Name of Assigned Judge George M. Marovich Sitting Judge if Other or Magistrate Judge than Assigned Judge
Plaintiff's motion for leave to proceed in forma pauperis (Dkt. No. 3), is granted. The Court orders the trust fund officer at the plaintiff's place of incarceration to deduct $5.29 from the plaintiff's account for payment to the Clerk of Court as an initial partial filing fee, and to continue making monthly deductions in accordance with this order. The clerk shall send a copy of this order to the trust fund officer at the Stateville Correctional Center. The clerk is directed to issue summonses for service on the defendants by the U.S. Marshal. The Marshals Service is appointed to effectuate service on defendants. The clerk is further directed to send the plaintiff a Magistrate Judge Consent Form and Instructions for Submitting Documents along with a copy of this order. Plaintiff's motion for appointment of counsel (Dkt. No. 4), is denied without prejudice.
O[ For further details see text below.] Docketing to mail notices.
Pro se plaintiff Derrick Echols, Jr, a prisoner at the Stateville Correctional Center, has brought a civil rights complaint pursuant to 42 U.S.C. § 1983. Pending before the Court are his motion for leave to proceed in forma pauperis (Dkt. No. 3), complaint (Dkt. No. 1), for an initial review pursuant to 28 U.S.C. § 1915A, and motion for appointment of counsel. (Dkt. No. 4).
The plaintiff's motion for leave to proceed in forma pauperis (Dkt. No. 3), is granted. Pursuant to 28 U.S.C. § 1915(b)(1), the plaintiff is assessed an initial partial filing fee of $5.29. The trust fund officer at the plaintiff's place of incarceration is authorized and ordered to collect the partial filing fee from the plaintiff's trust fund account and pay it directly to the Clerk of Court. After payment of the initial partial filing fee, the plaintiff's trust fund officer is directed to collect monthly payments from the plaintiff's trust fund account in an amount equal to 20% of the preceding month's income credited to the account. Monthly payments shall be forwarded to the Clerk of Court each time the amount in the account exceeds $10 until the full $350 filing fee is paid. All payments shall be sent to the Clerk, United States District Court, 219 S. Dearborn St., Chicago, Illinois 60604, attn: Cashier's Desk, 20th Floor, and shall clearly identify the plaintiff's name and this case number. This payment obligation will follow the plaintiff wherever he may be transferred.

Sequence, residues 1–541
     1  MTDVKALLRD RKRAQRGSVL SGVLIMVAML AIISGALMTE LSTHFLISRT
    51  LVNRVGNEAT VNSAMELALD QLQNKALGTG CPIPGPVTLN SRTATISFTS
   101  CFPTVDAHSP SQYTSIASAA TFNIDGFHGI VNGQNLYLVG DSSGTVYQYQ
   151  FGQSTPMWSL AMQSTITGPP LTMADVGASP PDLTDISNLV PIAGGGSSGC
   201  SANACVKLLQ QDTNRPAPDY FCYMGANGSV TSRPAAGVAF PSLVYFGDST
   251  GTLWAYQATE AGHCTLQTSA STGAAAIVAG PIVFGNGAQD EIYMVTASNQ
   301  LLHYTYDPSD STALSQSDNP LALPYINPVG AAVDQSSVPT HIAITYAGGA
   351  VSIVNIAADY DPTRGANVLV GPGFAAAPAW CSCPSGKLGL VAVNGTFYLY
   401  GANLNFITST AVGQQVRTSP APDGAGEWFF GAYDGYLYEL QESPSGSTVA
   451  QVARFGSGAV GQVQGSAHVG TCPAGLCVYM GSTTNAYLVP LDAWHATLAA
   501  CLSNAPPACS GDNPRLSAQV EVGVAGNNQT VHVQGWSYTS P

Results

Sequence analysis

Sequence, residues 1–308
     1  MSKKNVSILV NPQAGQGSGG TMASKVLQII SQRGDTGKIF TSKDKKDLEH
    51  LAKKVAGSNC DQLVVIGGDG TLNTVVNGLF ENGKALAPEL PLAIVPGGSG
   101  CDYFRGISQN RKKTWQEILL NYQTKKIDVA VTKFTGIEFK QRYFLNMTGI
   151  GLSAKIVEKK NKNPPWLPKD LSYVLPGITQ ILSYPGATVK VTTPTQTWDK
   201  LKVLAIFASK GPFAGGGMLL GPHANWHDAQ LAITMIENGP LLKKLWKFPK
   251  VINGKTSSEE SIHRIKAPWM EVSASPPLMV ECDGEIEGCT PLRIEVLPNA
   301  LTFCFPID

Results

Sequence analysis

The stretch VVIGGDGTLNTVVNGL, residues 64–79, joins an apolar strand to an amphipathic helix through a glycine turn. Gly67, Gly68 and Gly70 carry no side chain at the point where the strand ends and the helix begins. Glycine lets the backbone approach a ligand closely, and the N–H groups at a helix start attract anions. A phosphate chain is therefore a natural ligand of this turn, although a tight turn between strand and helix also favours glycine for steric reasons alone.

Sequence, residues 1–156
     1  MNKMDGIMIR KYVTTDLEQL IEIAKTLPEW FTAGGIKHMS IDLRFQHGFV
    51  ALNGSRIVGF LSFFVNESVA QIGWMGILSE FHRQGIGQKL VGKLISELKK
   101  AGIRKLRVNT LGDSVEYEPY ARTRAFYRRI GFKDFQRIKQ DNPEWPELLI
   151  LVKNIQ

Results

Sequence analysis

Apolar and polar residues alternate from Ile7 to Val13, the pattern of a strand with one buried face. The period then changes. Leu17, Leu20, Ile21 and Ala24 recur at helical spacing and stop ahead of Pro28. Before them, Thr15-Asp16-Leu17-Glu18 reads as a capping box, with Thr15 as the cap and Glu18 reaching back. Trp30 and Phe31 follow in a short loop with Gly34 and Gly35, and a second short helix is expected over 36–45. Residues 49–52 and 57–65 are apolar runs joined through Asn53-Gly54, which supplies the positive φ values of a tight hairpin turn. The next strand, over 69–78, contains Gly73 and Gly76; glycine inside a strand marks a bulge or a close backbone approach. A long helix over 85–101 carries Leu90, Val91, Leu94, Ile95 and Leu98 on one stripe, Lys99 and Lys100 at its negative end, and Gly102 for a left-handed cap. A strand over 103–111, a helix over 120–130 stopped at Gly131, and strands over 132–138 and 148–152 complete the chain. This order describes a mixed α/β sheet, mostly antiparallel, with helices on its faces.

Turning to an initial review of the complaint, (Dkt. No. 1), plaintiff
alleges that defendant dentists Drs. Jeff Craig and Jacqueline
Mitchell botched a tooth extraction and failed to properly follow up
on his initial complaints at Stateville. Plaintiff believes that a
drill fragment was improperly lodged in his gums following the
extraction causing significant pain. He initially complained to Craig
and Mitchell but to no avail before getting subsequent follow up
treatment from them. Plaintiff sues Craig and Mitchell in their
individual and official capacity.
Liberally construing plaintiff's pro se complaint as required,
Erickson v. Pardus, 551 U.S 89, 94 (2007) (per curiam), the Court
concludes that plaintiff has set forth a claim against Craig and
Mitchell in their individual capacity. Plaintiff has alleged a
deliberate indifferent claim as to his dental needs. Arnett v.
Webster, __ F.3d __, No. 09-3280, 2011 WL 4014343, at *10 (7th Cir.
Sept. 10, 2011) (explaining that a doctor may be held to be
deliberately indifferent when he fails to exercise professional
medical judgment); McGowan v. Hulick, 612 F.3d 636, 640, 642 (7th Cir.
2010) (recognizing a deliberate indifference claim for unnecessary
delay in providing dental treatment); Wynn v. Southward, 251 F.3d 588,
593 (7th Cir. 2001) ("Dental care is one of the most important needs
However, plaintiff's claims against Craig and Mitchell in their official capacity must be dismissed. A claim against an individual in his official capacity is, in actuality, a claim against his employer, here Wexford Health Sources. Minix v. Canarecci, 597 F.3d 824, 830 (7th Cir. 2010). Wexford provides health care to Illinois inmates pursuant to a contract with the state. A suit against Wexford and is evaluated under the standard of Monell v. New York City Dep't Soc. Servs., 436 U.S. 658 (1978). Gayton v. McCoy, 593 F.3d 610, 622 (7th Cir. 2010). (Wexford qualifies as a state actor for Section 1983 purposes because it is performing a governmental function that was delegated to it by the IDOC, Wade v. Byles, 83 F.3d 902, 905 (7th Cir. 1996), but it is not considered an arm of the State of Illinois for sovereign immunity purposes because it is a separate entity from the State and would be required to pay any judgments on its own. Burrs v. State Lottery Comm'n of Ind., 546 F.3d 417, 420 (7th Cir. 2008)).